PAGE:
Perhaps this is the Pentecostal in me (you’re a kind of restorationist yourself, so you may have sympathy with me here), but I also want to be clear that while teaching the Faith is essential, doctrine qua doctrine is dead in and of itself. Does it point us in a direction? Does it help us experience or understand love and fidelity broadly? If our answers to these questions are no, then it is devoid of meaning.

      If I never teach a teenager about the doctrine of the Trinity because I’m convinced that doctrine doesn’t matter to their lives, I’m generally OK with this.


    • Andy Wong says:

      “If our ministry doesn’t make it explicit that the Gospel is the true meaning of love and acceptance, and that all desire for acceptance is a desire for God in Christ, then teens will simply find some other meaning to tack onto it.”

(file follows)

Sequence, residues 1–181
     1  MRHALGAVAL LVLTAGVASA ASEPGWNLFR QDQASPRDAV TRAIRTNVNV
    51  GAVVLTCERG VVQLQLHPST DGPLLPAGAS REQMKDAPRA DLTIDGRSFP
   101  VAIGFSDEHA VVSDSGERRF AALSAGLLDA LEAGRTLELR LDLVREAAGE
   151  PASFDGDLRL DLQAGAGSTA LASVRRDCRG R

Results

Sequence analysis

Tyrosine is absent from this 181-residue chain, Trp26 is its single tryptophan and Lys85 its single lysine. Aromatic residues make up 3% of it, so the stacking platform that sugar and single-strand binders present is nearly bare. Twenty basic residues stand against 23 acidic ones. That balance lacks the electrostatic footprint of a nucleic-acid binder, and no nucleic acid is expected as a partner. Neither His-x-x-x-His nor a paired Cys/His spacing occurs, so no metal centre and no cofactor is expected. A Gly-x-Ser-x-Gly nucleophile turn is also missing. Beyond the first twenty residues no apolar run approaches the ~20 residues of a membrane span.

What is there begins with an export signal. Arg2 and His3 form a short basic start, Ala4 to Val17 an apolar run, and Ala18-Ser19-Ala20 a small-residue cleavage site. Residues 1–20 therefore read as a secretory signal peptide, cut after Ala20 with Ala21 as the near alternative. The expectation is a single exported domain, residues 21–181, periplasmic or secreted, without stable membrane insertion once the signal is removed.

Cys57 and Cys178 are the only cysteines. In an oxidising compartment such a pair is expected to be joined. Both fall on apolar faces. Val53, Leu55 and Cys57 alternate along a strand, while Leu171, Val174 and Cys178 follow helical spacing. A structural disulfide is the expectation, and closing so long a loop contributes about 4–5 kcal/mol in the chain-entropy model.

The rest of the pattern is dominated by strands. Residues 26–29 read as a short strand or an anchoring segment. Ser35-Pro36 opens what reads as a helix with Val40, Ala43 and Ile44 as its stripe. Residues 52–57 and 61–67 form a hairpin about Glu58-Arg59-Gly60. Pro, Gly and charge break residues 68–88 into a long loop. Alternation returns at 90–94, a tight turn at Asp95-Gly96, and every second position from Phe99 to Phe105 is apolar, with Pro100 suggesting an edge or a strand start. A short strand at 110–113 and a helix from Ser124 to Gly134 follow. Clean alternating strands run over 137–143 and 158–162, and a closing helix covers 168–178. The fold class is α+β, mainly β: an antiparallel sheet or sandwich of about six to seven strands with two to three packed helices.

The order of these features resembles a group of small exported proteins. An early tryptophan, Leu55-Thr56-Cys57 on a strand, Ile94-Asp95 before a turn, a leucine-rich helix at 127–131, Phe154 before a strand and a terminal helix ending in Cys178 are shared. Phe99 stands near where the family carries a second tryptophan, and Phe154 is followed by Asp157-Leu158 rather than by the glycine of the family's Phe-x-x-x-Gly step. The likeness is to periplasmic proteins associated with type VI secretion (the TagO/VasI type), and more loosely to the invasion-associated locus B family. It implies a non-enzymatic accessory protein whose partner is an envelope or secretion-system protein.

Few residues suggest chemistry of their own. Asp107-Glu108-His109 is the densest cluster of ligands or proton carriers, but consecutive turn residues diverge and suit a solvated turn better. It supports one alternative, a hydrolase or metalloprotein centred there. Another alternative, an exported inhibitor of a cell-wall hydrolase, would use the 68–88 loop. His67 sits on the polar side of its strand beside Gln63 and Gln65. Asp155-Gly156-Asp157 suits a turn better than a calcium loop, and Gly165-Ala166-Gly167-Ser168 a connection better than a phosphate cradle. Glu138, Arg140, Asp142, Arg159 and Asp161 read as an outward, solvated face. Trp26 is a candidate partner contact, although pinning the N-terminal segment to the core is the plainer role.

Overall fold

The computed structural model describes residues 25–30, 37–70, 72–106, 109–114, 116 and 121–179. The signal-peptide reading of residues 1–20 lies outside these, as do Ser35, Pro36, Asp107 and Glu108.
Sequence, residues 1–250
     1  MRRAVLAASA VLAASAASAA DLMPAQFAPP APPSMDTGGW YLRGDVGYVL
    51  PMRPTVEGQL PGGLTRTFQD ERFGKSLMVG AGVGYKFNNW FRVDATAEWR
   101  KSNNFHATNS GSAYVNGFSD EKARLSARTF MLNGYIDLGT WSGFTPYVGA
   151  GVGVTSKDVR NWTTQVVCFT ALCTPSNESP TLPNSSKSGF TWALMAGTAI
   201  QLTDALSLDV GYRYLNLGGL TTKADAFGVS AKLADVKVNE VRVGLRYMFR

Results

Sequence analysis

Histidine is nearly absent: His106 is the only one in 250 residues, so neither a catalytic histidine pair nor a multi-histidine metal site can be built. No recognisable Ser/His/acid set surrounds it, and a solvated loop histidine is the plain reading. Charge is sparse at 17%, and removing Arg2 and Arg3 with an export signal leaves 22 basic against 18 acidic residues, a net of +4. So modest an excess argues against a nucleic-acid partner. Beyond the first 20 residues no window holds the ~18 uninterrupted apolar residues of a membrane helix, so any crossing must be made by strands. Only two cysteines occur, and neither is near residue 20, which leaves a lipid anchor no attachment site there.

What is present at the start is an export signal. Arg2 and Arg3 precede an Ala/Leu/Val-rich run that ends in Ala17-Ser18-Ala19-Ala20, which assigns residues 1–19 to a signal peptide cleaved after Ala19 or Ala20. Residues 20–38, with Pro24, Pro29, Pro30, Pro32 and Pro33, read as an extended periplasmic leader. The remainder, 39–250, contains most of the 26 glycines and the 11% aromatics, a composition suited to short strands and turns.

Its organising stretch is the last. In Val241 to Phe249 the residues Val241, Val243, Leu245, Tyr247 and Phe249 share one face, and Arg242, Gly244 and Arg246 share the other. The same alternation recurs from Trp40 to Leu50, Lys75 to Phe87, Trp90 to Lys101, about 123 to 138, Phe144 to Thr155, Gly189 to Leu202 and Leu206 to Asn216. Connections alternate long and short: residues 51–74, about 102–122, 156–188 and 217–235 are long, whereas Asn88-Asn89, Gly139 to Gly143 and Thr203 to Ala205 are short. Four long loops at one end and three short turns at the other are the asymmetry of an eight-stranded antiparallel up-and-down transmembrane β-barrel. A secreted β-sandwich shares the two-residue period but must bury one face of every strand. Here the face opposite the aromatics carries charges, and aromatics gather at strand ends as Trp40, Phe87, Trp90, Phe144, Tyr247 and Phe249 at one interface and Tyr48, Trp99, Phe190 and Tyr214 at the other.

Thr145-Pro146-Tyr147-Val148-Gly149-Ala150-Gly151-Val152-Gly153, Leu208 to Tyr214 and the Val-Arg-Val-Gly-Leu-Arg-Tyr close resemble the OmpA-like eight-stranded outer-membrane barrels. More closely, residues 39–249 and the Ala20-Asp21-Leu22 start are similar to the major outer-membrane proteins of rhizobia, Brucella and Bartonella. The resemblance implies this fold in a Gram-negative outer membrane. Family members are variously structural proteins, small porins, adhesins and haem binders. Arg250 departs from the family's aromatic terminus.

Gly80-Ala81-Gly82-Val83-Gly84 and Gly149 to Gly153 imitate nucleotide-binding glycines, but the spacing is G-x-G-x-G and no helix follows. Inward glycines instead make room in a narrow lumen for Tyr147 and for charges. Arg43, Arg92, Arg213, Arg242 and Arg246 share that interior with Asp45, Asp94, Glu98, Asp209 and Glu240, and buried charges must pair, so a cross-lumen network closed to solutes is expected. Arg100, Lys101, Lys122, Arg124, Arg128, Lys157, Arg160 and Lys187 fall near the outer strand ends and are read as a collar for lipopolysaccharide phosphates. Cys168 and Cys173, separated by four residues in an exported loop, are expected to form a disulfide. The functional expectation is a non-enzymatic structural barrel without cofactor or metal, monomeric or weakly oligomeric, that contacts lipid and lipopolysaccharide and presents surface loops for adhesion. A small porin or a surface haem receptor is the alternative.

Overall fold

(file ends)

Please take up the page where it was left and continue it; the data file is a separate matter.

But what is the best way to make this explicit? I would venture to say that it has very little to do with any program or event or even any relationship in the place-sharing sense. I would think it has to do with the uniqueness of the Christian message which is the radicality (is that a word?) of the love Christ preaches. Unlike New Agey, morally relative, pluralistic, post modern philosophical soup, the Christian message has a very clear message of radical self sacrifice that teens WANT to believe is true and right and good.

      The best way to convey this uniqueness (or possibly the only way) is to model it for them and mentor them in it (i.e. Paul and Timothy, Jesus and Peter, Elijah and Elisha), not teach it to them in youth group or Sunday School.

      I guess in summary, if we aren’t practicing radical self-sacrificial love ourselves (what I would say is the unique message of Christianity in relation to everything else out there), how can we make the claim that Christianity is different or better than everything else out there.